much rivalry and enthusiasm is antki
pated. i
The Apollo Mandolin club will furn-#
ish music during the evening, and a
short program or songs will be given
by pupils of Mrs. T(i Bell, who is
to have charge of the voice culture
class this year. Dr. G. M. Jordan, su
erintendent of the public schools, and
M. Belel Jeffery, general secre
tary of the association, will each give
a snort talk on the value of the edu
cational work of the association.
The entire building will be thrown
open, and both ladies and gentlemen
are_ invited. The attractive catalogs,
which have just been issued^ give
promise of a most successful year for
this popular institution, whi ch enrolled
1,646 in the various classes last year.
Unity House Mothers.
The Mothers' club of Unity House
held its annual election of officers yes
teerday afternoon at its regular meet
ing in the club room of Unity House.
1616 Washington avenue N About
forty members were present and elected
officers as fallows: President, Mrs.
Will vice president,Mrs. Carl Stevens
secretary, Mrs. E. SL Stephens treas
urer, Mrs. M. Shutter visitingv com
mittee, Mmes. Earned, Bretz, A. E
Chapman, Misses Helen Mills and C.
M. Crosby entertainment committee,
Mmes. Hesiek, ^Courtney, Beckett, Jr.,
and Misses Elizabeth 'Hewitt and Su
san Christian, The, concert committee
consists of J0anes?,c!arr
Stevens? Eecor,
Machlett and Miss C. M. CroVby, who
will arrange a concert for Nov. 7. Mrs.
E. B. Painter addressed the mothers on
the necessity and effect of summer va
cations, and Miss Hewitt gave several
Political Economy Club.
The Political Economy club will hold
the first meeting of the season in the
directors' room of the public library,
Tuesday evening. Mrs. Maud Stock
well and Dr. Cora Smith Eaton will
give a full report of the convention
recently held in Portland, Ore., and
plans will be discussed for he enter
tainment of delegates to the conven
tion of he Minnesota Woman's Suf
frage association, to be held in Minne
apolis the first week in October.
Hope Woman's Association.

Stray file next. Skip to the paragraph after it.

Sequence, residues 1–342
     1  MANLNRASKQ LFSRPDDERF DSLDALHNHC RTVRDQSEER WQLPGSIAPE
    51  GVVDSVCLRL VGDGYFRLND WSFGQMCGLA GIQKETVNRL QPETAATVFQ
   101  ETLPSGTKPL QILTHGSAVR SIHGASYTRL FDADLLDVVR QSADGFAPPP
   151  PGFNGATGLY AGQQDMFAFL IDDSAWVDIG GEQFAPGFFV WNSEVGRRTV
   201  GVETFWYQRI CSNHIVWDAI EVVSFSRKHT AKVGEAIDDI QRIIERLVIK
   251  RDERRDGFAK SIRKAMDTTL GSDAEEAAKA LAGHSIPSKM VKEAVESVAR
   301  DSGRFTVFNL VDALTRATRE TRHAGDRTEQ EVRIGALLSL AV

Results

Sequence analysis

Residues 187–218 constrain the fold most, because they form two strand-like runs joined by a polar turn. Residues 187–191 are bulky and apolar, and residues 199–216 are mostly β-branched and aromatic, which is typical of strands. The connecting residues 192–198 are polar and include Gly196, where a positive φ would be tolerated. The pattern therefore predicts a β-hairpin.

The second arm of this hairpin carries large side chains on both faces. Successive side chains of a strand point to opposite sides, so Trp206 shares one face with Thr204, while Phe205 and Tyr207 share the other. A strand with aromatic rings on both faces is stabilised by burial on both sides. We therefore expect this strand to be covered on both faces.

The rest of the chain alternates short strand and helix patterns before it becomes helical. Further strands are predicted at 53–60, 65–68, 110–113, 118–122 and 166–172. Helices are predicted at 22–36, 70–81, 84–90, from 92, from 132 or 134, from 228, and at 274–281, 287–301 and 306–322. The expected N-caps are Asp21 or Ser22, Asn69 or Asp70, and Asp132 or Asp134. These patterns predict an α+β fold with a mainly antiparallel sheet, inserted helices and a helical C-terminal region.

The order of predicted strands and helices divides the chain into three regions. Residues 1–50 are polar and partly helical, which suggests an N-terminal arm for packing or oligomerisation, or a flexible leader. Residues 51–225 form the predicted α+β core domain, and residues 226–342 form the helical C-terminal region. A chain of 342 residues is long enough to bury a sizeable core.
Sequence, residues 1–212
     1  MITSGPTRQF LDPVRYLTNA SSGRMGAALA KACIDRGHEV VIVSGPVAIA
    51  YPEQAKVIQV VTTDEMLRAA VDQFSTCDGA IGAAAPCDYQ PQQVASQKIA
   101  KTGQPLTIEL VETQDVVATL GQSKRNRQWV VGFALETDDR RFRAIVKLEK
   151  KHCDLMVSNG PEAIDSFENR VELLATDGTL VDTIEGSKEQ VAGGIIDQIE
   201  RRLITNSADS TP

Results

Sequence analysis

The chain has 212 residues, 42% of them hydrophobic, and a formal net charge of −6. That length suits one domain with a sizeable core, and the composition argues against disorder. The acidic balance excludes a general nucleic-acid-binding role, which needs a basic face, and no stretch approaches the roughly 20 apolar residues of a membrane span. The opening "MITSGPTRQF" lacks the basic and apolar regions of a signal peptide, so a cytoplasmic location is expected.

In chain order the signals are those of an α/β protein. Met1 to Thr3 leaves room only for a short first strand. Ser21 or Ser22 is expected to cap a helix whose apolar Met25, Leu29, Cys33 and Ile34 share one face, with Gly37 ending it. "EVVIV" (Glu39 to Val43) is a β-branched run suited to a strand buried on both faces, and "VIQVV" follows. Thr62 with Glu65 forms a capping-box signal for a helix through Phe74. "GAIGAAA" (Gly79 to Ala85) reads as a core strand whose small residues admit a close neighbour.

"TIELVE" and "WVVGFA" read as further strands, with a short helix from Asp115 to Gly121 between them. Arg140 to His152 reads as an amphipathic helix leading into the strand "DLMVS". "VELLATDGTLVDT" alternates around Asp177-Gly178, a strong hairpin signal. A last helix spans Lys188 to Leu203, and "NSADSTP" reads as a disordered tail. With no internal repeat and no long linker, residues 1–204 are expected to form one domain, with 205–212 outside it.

The woman's association of Hope
chapel had an all-day meeting yester
day in the sewing room, and tied five
comforters, an order from a lumber
company. Luncheon was served at
noon. Fifty women were present. he
officers of the society are: President,
Mrs. A. L. Knightvic president, Mrs.
John Hohler secretary, Mrs. L. Brown
treasurer. Mrs. H. Thompson. The
work at the next meeting will be for a
'charitaDle object. The proceeds of he
society's work are used for chapel
Needlework Guild.
The Needlework guild will hold a
business meeting Monday afternoon at
2:30 o'clock in the Church of the Ee
deemer parlors to arrange for the an
nual collection, which will be taken, as
usual the first wee kin October, and to
fitl the vacan cy caused by the resigna
tion of Mrs. Olga von W. Haskell, the
extra NOTES.
The first meeting of the year of the Authors'
Study club will be in the nature of a social
gathering Monday afternoon with Mrs. J. A.
Brant, 12 E Fifteenth street The club wUl
have a varied program this year and each host
ess will select the author to be studied at her
The Ladies' Aid society of All Souls' church
will meet in the chnrch for work Wednesday.
The Argosy club will hold Its first meeting at
the residence of Mrs. Currier, 2987 Park avenue,
The Ladies' Social circle of the Church of the
Redeemer will hold a business and work meet
ing in the ladies' club room in the church
Wednesday at 2 p.m
The Atwasios Literary elub will hold the first
meeting of the season Monday at 2 30 p.in., at
the home of Mrs. C. A. Carlson, 2200 Aldrich
avenue S After an informal reception Mrs.
Eugene Wheeler GofE will lecture on "England
Before the Tudors."
The Argosy club will hold its first meeting
Tuesday, at the residence of Mrs. S. fy Sedge-
wick.\3115 Oakland avenue.
Your mirror will tell you Satin skin powder
works beautifying wonders. 25c.
Fought Like Veterans to Save Property
on Northern Cheyenne Agenc y.
Helena, Mont.. Sept. 16.All of the
government buildings at Lame Deer,
northern Cheyenne agency, would have
burned Thursday had it not been1
tion day. Many Indians were near
when the fire broke out in the bar
racks occupied by agency employees,
and fought the flames-like veterans,
preventing its spread rb other build
ings. There wer no fire-fighting ap
pliances, and a bucket brigade was or
ganized. The barracks burned and
some other buildings were scorched, ^gr
Man Found in Eiver Was
John P.
%The body taken from the river near